Student Life Archives (2001-2008)

KWUR to face fees for webcasts

Webcasts of KWUR 90.3 FM, Washington University’s own campus radio station, have reached audiences as far away as Australia, Brazil, and France. But this could all change.

With Congress enforcing the Digital Millennium Copyright Act of 1998, KWUR, along with other college radio stations around the country, is facing difficulties with upcoming fees that were imposed by the act. The purpose of the act is to help combat the money lost by online pirating.

Jim Hayes, faculty advisor for WU student media groups, disagrees with the requirement that college radio stations should pay the fees. He said that campus stations do artists a favor in playing their songs on the radio and the web by giving them the exposure that commercial stations otherwise would not.

KWUR first started webcasting in 1999. Currently the station pays $75 annually to BMI internet division, a music licensing company, for this privilege. The fees would be high for KWUR, which receives most of its funding from the Student Union fund. The fees are broken up into different sections-an ephemeral fee to broadcast, a fee for each listener over the web, and a charge of 0.02 cents per song played. However, the costs don’t stop there.

The Digital Millennium Copyright Act is now requiring stations to pay for past web broadcasts as well. The specific amount that KWUR would owe is not yet officially known, but estimates place the amount in the range of $8,000. Hayes is hopeful that the University will help with part of the extra costs.

Additional requirements include submitting a program log to the Federal Communications Commission (FCC) with not only the title, duration, and artist of the song, but also the artist’s label, who is accessing the song over the web, and these listeners’ IP addresses. Hayes calls this an act of “Big Brother” and dislikes these additions because they invade listeners’ privacy.

KWUR is also applying for a temporary experimental license from the FCC to upgrade its signal from ten watts to one hundred watts. Currently the signal only encompasses a three to four mile radius. With the license, the station would be able to cover an eight-mile radius and reach such areas as St. Louis City, St. Louis County, Clayton, University City, and Maplewood.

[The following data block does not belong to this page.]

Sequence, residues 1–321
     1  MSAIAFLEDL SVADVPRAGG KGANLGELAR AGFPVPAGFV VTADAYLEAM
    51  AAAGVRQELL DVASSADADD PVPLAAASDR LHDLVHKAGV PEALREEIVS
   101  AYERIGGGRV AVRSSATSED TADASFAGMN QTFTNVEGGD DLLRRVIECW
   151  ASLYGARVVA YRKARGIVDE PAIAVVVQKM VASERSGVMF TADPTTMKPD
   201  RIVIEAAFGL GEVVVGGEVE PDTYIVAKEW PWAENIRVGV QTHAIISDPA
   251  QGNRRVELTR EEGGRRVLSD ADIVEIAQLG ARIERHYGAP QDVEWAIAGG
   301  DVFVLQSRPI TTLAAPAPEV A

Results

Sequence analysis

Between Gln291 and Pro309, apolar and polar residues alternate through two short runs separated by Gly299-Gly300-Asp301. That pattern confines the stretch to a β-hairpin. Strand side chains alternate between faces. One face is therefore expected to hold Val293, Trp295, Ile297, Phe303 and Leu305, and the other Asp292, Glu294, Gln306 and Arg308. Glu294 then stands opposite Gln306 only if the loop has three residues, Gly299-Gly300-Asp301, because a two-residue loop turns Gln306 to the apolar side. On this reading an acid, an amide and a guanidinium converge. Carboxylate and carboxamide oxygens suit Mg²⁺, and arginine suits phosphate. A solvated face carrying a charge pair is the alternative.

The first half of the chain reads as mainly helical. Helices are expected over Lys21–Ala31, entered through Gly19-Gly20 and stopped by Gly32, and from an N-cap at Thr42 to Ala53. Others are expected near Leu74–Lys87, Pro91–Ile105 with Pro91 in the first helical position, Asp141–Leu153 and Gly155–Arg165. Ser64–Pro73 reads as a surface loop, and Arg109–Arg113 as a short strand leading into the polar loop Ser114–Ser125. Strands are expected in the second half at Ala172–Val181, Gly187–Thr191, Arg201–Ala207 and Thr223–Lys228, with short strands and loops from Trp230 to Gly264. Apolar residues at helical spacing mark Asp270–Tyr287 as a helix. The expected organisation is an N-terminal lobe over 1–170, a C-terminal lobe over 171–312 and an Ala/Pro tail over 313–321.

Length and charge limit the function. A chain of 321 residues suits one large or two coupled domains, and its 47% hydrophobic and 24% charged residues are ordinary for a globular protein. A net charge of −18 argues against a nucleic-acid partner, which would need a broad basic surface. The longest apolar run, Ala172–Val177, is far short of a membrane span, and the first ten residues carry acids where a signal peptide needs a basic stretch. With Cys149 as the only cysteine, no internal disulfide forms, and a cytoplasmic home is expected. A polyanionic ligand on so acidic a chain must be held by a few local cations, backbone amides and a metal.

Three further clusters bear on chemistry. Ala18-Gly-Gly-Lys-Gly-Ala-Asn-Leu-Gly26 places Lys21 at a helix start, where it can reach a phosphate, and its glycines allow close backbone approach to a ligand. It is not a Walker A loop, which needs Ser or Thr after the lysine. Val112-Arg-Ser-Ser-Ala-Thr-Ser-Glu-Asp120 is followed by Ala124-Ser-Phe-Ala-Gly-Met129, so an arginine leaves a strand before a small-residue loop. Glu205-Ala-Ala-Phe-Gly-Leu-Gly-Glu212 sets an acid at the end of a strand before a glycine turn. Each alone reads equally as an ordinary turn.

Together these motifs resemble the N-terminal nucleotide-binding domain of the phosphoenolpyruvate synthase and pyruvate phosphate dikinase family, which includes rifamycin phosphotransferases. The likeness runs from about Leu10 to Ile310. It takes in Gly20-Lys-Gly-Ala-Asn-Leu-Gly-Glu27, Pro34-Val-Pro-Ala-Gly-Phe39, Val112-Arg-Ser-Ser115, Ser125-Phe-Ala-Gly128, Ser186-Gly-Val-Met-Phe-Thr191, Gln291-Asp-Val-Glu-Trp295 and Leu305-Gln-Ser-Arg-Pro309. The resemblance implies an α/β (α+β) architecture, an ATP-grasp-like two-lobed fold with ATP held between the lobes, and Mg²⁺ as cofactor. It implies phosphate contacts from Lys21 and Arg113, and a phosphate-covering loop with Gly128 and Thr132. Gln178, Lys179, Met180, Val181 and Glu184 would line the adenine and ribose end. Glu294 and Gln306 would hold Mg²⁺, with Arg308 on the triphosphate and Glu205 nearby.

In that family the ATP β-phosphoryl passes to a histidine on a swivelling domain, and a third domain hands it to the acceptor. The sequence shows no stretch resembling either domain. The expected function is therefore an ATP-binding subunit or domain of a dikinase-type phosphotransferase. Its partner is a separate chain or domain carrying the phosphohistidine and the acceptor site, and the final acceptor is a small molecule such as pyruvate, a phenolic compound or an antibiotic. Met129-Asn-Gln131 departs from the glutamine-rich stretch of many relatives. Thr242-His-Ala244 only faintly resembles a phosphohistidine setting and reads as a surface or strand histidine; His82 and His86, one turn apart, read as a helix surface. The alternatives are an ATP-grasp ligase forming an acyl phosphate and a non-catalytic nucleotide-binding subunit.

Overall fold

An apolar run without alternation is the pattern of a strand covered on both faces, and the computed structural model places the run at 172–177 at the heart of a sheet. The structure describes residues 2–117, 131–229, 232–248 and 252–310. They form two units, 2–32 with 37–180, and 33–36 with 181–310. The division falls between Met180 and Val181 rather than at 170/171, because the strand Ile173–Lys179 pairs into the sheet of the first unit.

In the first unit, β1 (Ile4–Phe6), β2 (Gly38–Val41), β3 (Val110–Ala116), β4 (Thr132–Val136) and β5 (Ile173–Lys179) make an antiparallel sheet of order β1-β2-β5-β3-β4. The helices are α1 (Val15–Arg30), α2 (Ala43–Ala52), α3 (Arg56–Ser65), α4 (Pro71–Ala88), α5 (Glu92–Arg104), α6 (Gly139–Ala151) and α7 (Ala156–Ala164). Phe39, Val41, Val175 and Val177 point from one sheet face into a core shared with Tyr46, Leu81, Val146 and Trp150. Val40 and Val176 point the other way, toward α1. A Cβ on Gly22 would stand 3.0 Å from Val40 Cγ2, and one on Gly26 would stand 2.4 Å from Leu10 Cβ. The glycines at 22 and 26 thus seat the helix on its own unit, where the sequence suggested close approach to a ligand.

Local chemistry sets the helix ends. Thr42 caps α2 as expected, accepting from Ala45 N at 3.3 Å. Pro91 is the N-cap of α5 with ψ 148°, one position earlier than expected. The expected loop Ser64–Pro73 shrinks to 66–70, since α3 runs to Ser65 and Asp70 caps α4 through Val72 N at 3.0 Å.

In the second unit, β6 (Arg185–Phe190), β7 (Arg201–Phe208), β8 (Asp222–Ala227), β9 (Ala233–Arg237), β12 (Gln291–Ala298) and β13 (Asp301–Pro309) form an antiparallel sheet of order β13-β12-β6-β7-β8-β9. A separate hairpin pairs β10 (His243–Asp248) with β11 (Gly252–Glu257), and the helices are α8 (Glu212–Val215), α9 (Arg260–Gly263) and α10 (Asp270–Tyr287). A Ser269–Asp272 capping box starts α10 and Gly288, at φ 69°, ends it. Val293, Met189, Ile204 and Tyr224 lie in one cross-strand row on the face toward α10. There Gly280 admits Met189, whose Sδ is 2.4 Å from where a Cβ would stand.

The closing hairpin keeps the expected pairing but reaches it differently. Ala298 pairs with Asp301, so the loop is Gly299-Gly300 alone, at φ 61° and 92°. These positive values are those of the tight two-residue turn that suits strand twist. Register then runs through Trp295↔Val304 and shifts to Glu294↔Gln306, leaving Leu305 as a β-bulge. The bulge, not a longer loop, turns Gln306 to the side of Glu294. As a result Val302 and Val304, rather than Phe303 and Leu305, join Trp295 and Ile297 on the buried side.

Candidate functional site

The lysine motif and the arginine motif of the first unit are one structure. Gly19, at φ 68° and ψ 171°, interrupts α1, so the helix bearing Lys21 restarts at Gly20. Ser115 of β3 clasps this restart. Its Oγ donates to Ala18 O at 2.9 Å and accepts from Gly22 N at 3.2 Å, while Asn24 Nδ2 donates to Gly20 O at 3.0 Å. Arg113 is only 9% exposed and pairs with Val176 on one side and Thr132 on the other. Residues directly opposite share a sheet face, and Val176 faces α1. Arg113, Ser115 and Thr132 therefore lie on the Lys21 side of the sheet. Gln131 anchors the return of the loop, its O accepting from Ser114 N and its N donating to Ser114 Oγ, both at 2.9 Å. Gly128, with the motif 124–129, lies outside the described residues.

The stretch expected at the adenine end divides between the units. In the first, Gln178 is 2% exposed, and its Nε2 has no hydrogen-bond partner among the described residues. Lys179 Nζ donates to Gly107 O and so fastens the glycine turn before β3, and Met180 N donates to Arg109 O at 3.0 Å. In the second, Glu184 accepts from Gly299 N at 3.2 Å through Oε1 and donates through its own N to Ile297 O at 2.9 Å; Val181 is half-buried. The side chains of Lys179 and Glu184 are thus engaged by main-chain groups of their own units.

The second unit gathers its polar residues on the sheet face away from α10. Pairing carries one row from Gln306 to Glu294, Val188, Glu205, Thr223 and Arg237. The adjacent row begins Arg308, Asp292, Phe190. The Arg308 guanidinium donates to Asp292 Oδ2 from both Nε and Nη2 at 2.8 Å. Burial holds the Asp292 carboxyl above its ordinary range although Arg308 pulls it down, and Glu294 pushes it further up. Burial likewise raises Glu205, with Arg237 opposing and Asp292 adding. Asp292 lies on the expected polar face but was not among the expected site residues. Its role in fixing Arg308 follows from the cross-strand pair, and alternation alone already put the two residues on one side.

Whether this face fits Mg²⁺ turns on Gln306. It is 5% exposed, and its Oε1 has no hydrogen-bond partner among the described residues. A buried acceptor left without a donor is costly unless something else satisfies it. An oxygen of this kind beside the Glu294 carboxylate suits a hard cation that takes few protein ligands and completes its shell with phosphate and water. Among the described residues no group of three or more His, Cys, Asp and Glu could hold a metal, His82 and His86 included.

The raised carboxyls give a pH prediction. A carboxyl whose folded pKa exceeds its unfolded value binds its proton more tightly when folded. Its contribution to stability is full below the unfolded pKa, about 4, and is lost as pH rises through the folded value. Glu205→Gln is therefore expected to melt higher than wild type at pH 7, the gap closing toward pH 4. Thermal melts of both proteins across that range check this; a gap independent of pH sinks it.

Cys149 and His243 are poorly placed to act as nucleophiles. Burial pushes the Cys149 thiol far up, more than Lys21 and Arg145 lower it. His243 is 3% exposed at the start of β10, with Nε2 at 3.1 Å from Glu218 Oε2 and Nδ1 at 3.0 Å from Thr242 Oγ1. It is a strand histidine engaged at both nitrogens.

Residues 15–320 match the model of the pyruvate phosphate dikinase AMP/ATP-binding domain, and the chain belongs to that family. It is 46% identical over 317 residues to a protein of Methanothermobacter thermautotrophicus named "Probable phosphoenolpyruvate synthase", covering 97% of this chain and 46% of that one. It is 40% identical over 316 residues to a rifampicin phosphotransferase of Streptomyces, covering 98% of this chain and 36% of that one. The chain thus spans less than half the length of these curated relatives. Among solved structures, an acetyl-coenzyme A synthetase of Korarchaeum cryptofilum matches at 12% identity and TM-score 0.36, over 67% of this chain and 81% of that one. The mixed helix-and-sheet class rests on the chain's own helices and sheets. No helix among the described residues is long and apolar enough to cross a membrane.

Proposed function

Senior Pat Koziol, KWUR DJ, hosts his own show called Virtuous Humor. “It would be a huge boost not only to radio, but Washington University in general to have that kind of community outreach,” he said.

The temporary license is a trial run for KWUR to prove that with the increase in wattage, the station will not bleed into other stations’ signals and that KWUR’s equipment can handle the upgrade. The experimental license would last for two years and afterwards the station would apply for a regular one.

Senior Nitin Bhojraj, KWUR general manager, doesn’t believe that there will be any problem with KWUR interfering with any other signal, even though the University of Missouri at St. Louis’s station KWMU is four kilohertz away from KWUR on the dial. KWMU is associated with National Public Radio (NPR) and operates at one hundred thousand watts.

KWUR has the paperwork filled out, but is hoping to cushion its application with a petition. The station wants to collect around two thousand signatures from students and from members of the community.

DJs are currently collecting signatures from the Loop area, and once school starts there will be tables set up around campus to collect student signatures. The application and petition will be mailed away during mid-September and if the temporary upgrade request is granted, KWUR will be able to broadcast at one hundred watts by March 2003.

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